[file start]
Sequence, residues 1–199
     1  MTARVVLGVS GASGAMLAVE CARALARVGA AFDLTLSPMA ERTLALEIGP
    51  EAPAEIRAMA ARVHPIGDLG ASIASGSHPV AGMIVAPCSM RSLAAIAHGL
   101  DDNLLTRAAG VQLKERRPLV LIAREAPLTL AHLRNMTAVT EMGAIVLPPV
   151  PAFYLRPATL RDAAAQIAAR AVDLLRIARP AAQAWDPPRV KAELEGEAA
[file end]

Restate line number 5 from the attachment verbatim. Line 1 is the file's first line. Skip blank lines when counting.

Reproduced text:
   151  PAFYLRPATL RDAAAQIAAR AVDLLRIARP AAQAWDPPRV KAELEGEAA